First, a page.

Another rival to Christmas was the celebration of the birth of Mithra, a sun god whose birth was celebrated by Romans all over the empire on December 25. Emperor Aurelian established December 25 as the birthday of the “Invincible Sun” or Mithra in the third century as part of the Roman Winter Solstice celebrations. In 273, the Christian church selected this day to represent the birthday of Jesus, and by 336, this Roman feast day was Christianized.
In Scandinavia, Yule is celebrated when the dark half of the year starts to get shorter and the days start lasting a little longer. The sun’s rebirth was celebrated with much joy. From this day forward, the days would become longer. Bonfires were lit in the fields, and crops and trees were wished good health with toasts of spiced cider. The ceremonial Yule log was the highlight of the Solstice festival. In accordance to tradition, the log must either have been harvested from the householder’s land, or given as a gift… it must never have been bought. Once dragged into the house and placed in the fireplace it was decorated in seasonal greenery, doused with cider or ale, and dusted with flour before set ablaze by a piece of last year’s log.
Caroling, wassailing the trees, burning the Yule log, decorating the Yule tree, exchanging of presents, kissing under the mistletoe were all activities that are still part of our Christmas traditions that came from celebrating the solstice. Even the foods that we associate with solstice celebrations are similar. Cider, spiced cider, ginger tea, eggnog, fall fruits and other spiced breads and cookies.
Interested in celebrating the solstice? Try some of these ideas to start your own traditions of celebrating the rebirth of the sun.
- Many people make a winter solstice tree by hanging food to feed the animals when their food supplies have become scarce on the winter solstice.
- Make sun and or star ornaments to hang on your Christmas Tree to symbolize the return of the sun’s light.
- Some people celebrate by staying up all night on the night of the solstice to be awake to welcome back the light.
- Many people choose to not use electricity on the night of the solstice and instead enjoy the darkest night of the year by candlelight. Some people carry this tradition through to Christmas Eve. Consider inviting friends and family over for a candlelight feast!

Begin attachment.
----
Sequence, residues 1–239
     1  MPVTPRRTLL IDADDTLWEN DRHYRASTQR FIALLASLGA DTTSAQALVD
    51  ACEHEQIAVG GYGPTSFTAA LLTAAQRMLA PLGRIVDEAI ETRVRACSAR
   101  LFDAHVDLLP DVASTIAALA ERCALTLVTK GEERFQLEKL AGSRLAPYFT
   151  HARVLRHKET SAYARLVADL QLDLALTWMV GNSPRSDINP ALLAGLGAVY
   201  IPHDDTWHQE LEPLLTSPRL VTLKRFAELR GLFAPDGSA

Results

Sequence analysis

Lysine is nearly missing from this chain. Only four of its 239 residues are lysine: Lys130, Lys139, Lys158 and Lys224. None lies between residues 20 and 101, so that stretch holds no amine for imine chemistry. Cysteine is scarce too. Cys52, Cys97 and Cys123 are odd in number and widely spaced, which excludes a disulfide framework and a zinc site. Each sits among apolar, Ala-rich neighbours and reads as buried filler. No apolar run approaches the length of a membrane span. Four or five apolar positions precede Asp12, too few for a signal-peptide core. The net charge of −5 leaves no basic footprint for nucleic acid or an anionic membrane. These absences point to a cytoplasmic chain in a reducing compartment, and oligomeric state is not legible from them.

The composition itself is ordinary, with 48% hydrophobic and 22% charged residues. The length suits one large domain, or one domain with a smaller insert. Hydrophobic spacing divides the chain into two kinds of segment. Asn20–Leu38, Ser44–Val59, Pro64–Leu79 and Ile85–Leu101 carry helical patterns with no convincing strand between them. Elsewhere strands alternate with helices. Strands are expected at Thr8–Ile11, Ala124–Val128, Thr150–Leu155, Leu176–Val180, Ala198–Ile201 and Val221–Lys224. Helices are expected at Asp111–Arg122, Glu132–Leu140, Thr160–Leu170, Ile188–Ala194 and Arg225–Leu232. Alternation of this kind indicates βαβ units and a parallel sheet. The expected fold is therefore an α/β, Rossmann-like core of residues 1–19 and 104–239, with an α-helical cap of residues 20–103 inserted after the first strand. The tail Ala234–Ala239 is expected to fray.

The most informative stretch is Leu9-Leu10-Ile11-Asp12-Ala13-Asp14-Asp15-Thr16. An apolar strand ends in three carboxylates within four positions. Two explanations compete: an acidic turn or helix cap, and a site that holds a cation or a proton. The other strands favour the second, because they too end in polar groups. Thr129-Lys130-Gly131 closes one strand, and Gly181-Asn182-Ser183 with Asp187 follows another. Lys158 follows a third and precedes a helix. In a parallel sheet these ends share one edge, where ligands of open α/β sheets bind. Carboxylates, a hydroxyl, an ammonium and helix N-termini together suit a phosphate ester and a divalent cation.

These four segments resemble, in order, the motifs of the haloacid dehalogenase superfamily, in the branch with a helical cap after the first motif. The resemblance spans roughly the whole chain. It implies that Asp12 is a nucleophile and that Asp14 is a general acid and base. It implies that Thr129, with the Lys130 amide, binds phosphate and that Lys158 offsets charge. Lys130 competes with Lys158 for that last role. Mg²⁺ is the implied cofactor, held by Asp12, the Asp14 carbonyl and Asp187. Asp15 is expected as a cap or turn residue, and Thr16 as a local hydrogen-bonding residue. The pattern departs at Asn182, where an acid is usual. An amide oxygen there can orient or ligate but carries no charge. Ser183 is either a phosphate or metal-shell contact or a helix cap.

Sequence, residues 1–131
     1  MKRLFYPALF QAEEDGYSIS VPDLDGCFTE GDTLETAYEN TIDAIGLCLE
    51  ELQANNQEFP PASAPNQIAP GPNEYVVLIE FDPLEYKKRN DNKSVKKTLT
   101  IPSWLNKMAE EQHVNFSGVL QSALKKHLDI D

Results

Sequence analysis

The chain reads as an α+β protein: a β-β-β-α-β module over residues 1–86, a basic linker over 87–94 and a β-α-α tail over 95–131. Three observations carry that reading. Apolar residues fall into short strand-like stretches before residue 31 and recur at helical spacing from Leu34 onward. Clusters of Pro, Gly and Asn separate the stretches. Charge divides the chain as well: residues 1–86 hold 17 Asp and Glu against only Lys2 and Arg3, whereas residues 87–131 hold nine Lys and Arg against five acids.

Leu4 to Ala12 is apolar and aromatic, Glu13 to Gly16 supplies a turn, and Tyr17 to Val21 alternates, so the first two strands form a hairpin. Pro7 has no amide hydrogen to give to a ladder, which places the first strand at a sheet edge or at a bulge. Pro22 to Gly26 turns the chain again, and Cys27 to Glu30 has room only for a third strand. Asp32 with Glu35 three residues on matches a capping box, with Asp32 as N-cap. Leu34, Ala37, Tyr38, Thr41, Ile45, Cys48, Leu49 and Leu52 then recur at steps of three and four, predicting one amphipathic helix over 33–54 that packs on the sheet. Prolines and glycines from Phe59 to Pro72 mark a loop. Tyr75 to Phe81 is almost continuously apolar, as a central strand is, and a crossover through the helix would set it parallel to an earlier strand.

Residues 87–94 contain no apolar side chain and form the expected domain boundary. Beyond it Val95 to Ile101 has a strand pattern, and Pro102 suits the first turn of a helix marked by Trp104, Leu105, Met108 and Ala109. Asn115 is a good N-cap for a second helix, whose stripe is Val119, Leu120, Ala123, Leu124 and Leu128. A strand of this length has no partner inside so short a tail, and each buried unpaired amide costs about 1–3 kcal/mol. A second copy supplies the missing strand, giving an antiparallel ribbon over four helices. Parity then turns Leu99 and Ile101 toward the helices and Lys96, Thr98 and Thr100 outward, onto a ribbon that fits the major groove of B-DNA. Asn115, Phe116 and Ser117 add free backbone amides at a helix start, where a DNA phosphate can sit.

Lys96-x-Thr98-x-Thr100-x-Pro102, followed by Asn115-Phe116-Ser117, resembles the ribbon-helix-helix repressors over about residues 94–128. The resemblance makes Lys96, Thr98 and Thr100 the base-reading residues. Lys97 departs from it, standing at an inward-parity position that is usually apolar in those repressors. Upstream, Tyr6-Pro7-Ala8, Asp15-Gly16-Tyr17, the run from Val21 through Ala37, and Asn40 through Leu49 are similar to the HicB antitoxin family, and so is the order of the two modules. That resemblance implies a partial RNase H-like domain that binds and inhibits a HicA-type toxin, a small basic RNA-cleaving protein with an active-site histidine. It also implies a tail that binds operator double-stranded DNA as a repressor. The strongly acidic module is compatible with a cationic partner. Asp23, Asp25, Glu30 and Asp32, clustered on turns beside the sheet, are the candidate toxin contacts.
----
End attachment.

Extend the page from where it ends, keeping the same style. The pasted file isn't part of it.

- Eat, drink, and be merry! You can find recipes for wassail online, either spiked or unspiked to serve with your meal.
- You could burn a bigger log than normal in the fire place. You can also find a Yule Log online and watch it burn on your computer. There are even videos you could purchase to have a crackling fire on cold winter nights.
If you don’t have one, consider making a cake Yule Log. The Buche de Noel is stunning and delicious. Try some of these recipes:
- Consider writing down everything that you would like to release or change in the new year onto scraps of paper, then throw them in the fire or burn them carefully in a safe container.
- You could also write down your intentions for the new year, similar to a resolution.
And just to throw this in, in the southern hemisphere, they celebrate the summer solstice. Here are some of the things they do that you might want to incorporate in the summer or the winter.
In the past, people in the Southern hemisphere celebrated renewal, life, fertility, and the potential for a good harvest on the summer solstice. Today, many people often celebrate the arrival of summer with outdoor feasts, singing, dancing, and bonfires. You might want to bathe in sunlight; make a flower wreath to wear; start a garden or spend time tending your garden and celebrate rebirth and renewal; visit a local farm, have a festival and feast; throw a bonfire and dance; do yoga or meditation; get outside and connect with nature.
In other countries there are many traditions to celebrate the solstice. Here are a few of the most interesting. Revelers come to Hollabrunn, Austria to watch people dressed up like Krampus scare the crowd. They dress to look like Krampus and carry soft whips that they use on the crowds. Doesn’t sound like fun to me, though.
In Japan, they like to soak in hot baths outside with fruits tossed into the water that are believed to bring good health. Often the zoos do the same thing for the animals (those that like water, that is.) The macaques and hippos sure do like it!
In Korea, the meal to eat is red bean porridge. It’s believed to keep the evil spirits away.
- Winter solstice by Rosemund Pilcher (F PIL)
- Winter solstice by Elin Hildenbrand (F HIL)
- Krampus: the Yule lord by Brom (F BRA)
- https://en.wikipedia.org/wiki/Winter_solstice (astronomical)
- http://time.com/5060889/winter-solstice-rituals/ – Japan is interesting